Interview with Reem Fadda
We have sat down with Reem Fadda, the co-curator of the Biennial spoken about in the interview, Public Art Abu Dhabi Biennial.
Rima Nasser: How long have you been working on this project?
Reem Fadda: Since nearly a year,
RN: And what is your curatorial process?
RF: So as of now, choosing the artist obviously goes through a curatorial process. For the biennial we will work on developing a kind of concept at large and then from there, have conversations based on research with a larger artistic team to see where this kind of direction goes and how it fits and how we can begin the commissioning process. And talk to stakeholders and community members and develop it alongside that kind of aspect. So, it’s a long process, but hopefully leads us to the right results.
RM: Does the artist choose the location?
RF: Yes, I mean, this is the whole idea is that we bring artists we explore the landscape with them, the city scape, the entire emirate. They go on visitations they are able to really kind of dream up their ideas and make it happen where it makes sense to them. It’s not going to be up to us entirely. We will of course guide because we have historic sites, we have cultural sites, we have modern heritage map beautiful areas that have resonances and histories and stories. So, we wanted to also kind of bounce off that, too. And make sure that you know, it can push it further through contemporary art through the voice of the artist.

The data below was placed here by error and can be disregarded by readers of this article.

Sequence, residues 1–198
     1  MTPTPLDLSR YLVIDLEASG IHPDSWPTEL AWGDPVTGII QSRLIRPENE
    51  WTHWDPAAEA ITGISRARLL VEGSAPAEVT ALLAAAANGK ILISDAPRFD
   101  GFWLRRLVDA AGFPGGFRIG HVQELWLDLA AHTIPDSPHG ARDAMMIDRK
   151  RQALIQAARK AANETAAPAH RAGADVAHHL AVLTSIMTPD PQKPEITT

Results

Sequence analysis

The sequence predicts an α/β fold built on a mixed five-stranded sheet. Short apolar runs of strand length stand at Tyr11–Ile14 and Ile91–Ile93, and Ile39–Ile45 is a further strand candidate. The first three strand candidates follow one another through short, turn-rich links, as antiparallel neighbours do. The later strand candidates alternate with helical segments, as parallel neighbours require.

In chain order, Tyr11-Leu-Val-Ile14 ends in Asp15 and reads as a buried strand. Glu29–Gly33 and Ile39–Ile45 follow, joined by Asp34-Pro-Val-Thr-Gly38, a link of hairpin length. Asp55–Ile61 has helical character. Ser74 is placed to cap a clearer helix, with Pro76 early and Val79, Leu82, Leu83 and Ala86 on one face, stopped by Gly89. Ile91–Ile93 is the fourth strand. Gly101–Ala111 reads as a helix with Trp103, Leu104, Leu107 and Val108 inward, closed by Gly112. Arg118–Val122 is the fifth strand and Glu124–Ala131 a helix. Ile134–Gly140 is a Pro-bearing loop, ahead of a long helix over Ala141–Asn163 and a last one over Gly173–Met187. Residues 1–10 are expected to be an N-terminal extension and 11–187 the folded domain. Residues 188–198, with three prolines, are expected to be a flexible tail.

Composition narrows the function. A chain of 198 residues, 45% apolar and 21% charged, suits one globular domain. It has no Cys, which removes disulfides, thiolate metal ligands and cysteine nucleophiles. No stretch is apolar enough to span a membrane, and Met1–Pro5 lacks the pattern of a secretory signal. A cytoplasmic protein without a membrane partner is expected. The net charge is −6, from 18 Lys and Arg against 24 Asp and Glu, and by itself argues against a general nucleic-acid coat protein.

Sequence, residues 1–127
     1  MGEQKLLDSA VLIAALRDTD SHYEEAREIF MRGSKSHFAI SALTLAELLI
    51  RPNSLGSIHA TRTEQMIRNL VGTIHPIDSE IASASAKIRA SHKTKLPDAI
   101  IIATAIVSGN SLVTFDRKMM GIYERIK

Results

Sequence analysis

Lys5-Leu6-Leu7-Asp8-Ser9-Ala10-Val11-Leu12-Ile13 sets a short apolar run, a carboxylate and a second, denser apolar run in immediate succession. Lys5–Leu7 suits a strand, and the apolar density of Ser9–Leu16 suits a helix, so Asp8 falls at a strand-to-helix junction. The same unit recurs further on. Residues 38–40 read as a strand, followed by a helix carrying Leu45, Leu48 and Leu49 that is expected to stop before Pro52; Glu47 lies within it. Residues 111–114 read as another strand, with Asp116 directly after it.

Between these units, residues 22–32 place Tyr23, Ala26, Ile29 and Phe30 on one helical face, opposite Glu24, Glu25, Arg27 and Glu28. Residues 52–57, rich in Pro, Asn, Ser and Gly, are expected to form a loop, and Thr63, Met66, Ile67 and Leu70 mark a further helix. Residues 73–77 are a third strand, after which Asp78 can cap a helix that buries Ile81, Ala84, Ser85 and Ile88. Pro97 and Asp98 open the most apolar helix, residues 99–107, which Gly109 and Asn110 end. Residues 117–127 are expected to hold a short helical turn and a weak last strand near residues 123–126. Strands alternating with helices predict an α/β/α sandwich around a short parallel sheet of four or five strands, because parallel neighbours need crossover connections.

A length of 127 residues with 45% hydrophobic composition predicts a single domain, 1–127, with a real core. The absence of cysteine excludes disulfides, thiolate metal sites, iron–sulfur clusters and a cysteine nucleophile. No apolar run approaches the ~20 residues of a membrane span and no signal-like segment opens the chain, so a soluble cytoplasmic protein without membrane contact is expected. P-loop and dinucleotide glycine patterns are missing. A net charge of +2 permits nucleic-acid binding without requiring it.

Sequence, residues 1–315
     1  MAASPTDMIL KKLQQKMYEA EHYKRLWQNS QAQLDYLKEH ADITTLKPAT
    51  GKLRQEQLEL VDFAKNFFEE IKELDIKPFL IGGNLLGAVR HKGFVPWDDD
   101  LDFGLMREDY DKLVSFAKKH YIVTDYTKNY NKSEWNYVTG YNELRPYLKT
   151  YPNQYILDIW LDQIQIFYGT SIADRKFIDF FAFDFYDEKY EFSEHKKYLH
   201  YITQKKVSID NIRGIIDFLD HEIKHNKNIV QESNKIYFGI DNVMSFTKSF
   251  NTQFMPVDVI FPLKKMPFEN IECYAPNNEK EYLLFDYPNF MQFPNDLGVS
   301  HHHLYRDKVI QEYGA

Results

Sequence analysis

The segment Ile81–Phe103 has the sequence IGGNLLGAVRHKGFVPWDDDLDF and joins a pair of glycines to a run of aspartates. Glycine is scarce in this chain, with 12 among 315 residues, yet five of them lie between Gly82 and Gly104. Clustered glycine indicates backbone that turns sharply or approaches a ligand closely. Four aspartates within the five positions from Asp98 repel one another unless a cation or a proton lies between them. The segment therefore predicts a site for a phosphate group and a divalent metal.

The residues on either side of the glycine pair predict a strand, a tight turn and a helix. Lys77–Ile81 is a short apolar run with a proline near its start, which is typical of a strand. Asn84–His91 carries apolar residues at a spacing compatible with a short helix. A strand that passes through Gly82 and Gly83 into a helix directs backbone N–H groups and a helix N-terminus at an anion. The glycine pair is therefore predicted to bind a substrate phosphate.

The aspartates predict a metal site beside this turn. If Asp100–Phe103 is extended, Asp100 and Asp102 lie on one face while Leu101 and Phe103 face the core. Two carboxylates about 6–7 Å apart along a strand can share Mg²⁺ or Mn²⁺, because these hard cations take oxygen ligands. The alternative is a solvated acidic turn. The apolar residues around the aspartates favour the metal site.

RN: Does the production have to be in the UAE?
RF No, it doesn’t but we are hoping that the end of the day this is an industry that would find its place in the UAE as well. And build from there. I mean, you see all around you there’s all the museums coming up very fast actually. And they will be up and running in no time.
So basically, these industries will be essential for the entire cultural and artistic landscape that we have here in Abu Dhabi.
RN: Will the desert installations involve local artists or will you be inviting International artists to express their dialogue?
RF: Actually, funnily enough you’re asking this question, I had a conversation with a specific wonderful artist Mohamad Ahmad Ibrahim, who said he’s always he’s always done land art and in the desert too, and so has Hassan Sharif. So, no, it’s not going to be only the internationals, there are aspirations for our land artists and our conceptual artists to do things in these landscapes.
RN: Can artists pitch their work or will you be sending an open call for artists?
RF: No, it’ll be direct. It’ll be conversations, meetings, explorations and research. And it’s not just me myself. There’s going to be entire teams involved. So, we were going to work like various octopuses, right and the sea will swim around and we will, you know, reach far and near to broaden the aspect of the discussion as much as possible.
RN: And where do you see this going in the future?
RF: I see that in 50 years’, time, we will have had 25 editions of the Biennial and numerous and countless, aspects of installations of art alongside beautiful architectural feats of museums and content. That’s unlike anywhere else. And it will tell of a real Renaissance for our entire region.